One of the biggest influences Wauters had coming into this album was falling back in love with hip-hop, namely Outkast. There are course Wauters takes on hip-hop classics with the likes of the 90’s nostalgia driven “Unity” with Cola Boy. And “Presentation” with Nick Hakim and Benamin that’s beat would be a producers dream to sample. But the biggest influence perhaps comes in the way this album is tied together. Through various audio samples, field recordings and voice notes there’s a human element tied directly into this album. Almost like the skits found throughout hip-hop classics these moments not only introduce the album, but bring the real world into every aspect.

Fans of Wauters classic works haven’t been forgotten of course. There’s still flavours of Latin folk mixed into the playlist with the likes of “Estás Escuchando” featuring El David Aguilar that’s melody will be left floating around your head for weeks. And “Lion Dome” with Air Waves that’s as melancholic as it is encapsulating; getting lost in a song never felt any easier than this. It’s in these moments that you realise how far Wauters has come as an artist since the breezy days of “North American Poetry”. He’s kept true to his sound whilst also incorporating more and more expansive and vibrant songwriting. “You thought my music was like this, now you think my music is like that” Wauters declares on “Unity”.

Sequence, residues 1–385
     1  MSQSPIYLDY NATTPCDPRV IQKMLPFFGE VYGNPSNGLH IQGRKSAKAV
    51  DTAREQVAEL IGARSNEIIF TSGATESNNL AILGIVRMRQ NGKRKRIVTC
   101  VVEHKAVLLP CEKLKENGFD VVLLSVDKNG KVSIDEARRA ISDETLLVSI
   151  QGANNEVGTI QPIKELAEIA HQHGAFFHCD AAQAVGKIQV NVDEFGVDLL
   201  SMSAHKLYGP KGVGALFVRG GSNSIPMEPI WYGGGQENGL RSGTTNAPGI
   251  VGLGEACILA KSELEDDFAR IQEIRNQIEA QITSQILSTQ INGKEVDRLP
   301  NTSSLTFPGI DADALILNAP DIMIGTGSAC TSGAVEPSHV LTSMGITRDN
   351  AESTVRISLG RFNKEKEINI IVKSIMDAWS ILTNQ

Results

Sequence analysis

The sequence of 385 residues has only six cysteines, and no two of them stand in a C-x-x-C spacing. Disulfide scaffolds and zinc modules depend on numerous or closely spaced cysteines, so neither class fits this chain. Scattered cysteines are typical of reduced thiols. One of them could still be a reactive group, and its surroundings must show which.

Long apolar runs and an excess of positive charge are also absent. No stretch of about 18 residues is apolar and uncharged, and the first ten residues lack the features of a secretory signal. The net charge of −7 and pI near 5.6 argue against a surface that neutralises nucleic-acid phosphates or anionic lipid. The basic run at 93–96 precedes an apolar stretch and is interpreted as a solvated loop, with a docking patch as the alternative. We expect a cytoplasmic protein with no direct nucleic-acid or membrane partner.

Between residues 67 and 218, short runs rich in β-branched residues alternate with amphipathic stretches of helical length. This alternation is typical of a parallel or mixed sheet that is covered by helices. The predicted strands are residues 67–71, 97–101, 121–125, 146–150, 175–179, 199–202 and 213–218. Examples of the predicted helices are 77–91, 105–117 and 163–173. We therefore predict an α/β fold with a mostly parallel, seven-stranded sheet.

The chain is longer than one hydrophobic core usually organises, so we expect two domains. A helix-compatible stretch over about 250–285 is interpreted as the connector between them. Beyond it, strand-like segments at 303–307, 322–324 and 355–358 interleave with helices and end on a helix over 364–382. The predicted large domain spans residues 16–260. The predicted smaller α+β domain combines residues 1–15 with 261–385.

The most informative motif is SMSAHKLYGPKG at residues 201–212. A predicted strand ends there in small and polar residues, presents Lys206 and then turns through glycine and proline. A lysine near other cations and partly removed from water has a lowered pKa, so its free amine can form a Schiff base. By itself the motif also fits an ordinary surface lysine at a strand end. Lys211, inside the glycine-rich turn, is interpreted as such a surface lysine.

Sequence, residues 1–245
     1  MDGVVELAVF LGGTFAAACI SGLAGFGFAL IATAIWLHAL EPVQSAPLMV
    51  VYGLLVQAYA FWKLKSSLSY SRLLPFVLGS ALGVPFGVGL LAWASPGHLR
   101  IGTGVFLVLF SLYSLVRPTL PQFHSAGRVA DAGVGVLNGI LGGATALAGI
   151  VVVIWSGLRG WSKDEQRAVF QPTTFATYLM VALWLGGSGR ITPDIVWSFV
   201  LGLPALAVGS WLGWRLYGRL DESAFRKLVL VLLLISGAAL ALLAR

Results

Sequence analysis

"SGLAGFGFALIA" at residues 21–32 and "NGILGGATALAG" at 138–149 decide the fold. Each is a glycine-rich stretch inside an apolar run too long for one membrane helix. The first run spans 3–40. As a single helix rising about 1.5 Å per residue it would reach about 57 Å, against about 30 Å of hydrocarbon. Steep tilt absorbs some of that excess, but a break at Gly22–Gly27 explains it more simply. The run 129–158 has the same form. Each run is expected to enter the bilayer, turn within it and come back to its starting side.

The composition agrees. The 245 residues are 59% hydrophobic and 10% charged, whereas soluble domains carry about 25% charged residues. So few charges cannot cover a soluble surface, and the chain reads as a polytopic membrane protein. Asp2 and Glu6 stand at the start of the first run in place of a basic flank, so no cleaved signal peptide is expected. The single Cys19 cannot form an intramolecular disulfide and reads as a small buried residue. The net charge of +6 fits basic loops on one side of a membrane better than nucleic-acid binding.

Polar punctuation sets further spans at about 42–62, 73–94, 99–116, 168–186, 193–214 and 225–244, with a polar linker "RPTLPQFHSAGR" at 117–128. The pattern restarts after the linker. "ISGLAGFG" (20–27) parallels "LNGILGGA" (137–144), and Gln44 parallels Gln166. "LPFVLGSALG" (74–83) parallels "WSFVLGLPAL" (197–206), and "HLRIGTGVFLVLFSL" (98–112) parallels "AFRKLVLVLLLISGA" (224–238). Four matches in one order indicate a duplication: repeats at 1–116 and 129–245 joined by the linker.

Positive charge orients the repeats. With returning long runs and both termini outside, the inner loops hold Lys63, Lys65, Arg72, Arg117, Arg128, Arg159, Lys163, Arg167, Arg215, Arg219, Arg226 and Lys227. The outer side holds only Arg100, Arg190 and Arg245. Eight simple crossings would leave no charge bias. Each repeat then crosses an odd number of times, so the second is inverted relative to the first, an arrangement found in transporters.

Although this album was completed during lockdown it’s very much not a lockdown album. Rather a celebration and reflection on those connections we so dearly long for. It’s a joyous listen that only becomes more vibrant on each repeat. With it’s depth in styles and sounds you find a new favourite each and every time.

Benny Sings – Music Album Review

Stones Throw – 2021

Amsterdam native Tim van Berkestijn aka Benny Sings returns with his 8th studio album, Music, which also marks his second release on contemporary indie, jazz and electronic label Stones Throw Records. Up to this point if you’ve graced Benny’s music before you have become familiar with his tried and true approach to clean, funky and melodically rich style of piano driven sounds. On this new project he continues once again in this movement, but that doesn’t mean the magic has worn off just yet.